From the religion side of the politics-religion question, there is comparatively little that believers have an obligation to take time with. (I feel a touch of regret, actually, for writing two successive blogposts that deal heavily in politics.) Thinking from the politics side of things for a moment, though, I was happy to read this from the blogsite of Amy Sullivan, political journalist:
If a candidate brings up his faith on the campaign trail, there are two main questions journalists need to ask: 1) Would your religious beliefs have any bearing on the actions you would take in office? and 2) If so, how?
Although marginal beliefs (e.g, Mormon ones), and extremely institutionalized, apostatic doctrines (e.g., Roman Catholic ones) are of some interest since they speak, for me, to the candidate’s ability to discern, it seems that this journalist is on to something. From a secular, political standpoint, all a voter should care about is probably summarized in the above two questions.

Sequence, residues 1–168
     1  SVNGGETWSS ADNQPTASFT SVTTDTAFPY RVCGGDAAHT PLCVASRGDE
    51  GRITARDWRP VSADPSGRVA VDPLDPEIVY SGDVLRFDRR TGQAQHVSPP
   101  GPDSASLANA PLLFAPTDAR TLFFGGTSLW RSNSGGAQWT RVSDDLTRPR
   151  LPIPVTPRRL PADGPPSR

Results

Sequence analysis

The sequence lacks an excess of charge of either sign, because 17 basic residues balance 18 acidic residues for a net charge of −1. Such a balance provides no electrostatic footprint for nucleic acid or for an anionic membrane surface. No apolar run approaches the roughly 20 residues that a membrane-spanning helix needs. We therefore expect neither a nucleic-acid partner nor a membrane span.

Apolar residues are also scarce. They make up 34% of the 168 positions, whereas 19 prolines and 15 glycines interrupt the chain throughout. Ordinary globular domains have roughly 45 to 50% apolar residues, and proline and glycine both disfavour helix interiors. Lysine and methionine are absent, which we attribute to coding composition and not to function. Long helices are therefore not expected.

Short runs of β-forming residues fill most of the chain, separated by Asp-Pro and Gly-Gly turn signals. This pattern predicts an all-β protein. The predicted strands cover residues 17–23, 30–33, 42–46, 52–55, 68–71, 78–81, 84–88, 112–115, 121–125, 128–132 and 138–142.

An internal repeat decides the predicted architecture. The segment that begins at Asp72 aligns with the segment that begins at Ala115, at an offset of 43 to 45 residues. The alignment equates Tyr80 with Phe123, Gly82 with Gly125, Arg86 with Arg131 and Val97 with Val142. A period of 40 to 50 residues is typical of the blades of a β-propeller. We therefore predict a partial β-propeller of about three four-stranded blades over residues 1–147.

A further rejoinder from Sullivan to her journalistic colleagues:
Stop calling candidates “devout.” At best, the modifier “devout” is used as shorthand to distinguish between people who are merely culturally affiliated with a religious tradition and those who are active practitioners. At worst, it’s simply used to indicate that a politician is a conservative person of faith. The judgment of whether an individual is truly devout is not one journalists are in a position to make. If what you mean is that candidate X goes to church or candidate Y does not work on the Sabbath, then say that.
Again, good stuff. Kudos to a journalist for calling out misplaced emphasis (bias? never!) in her colleagues.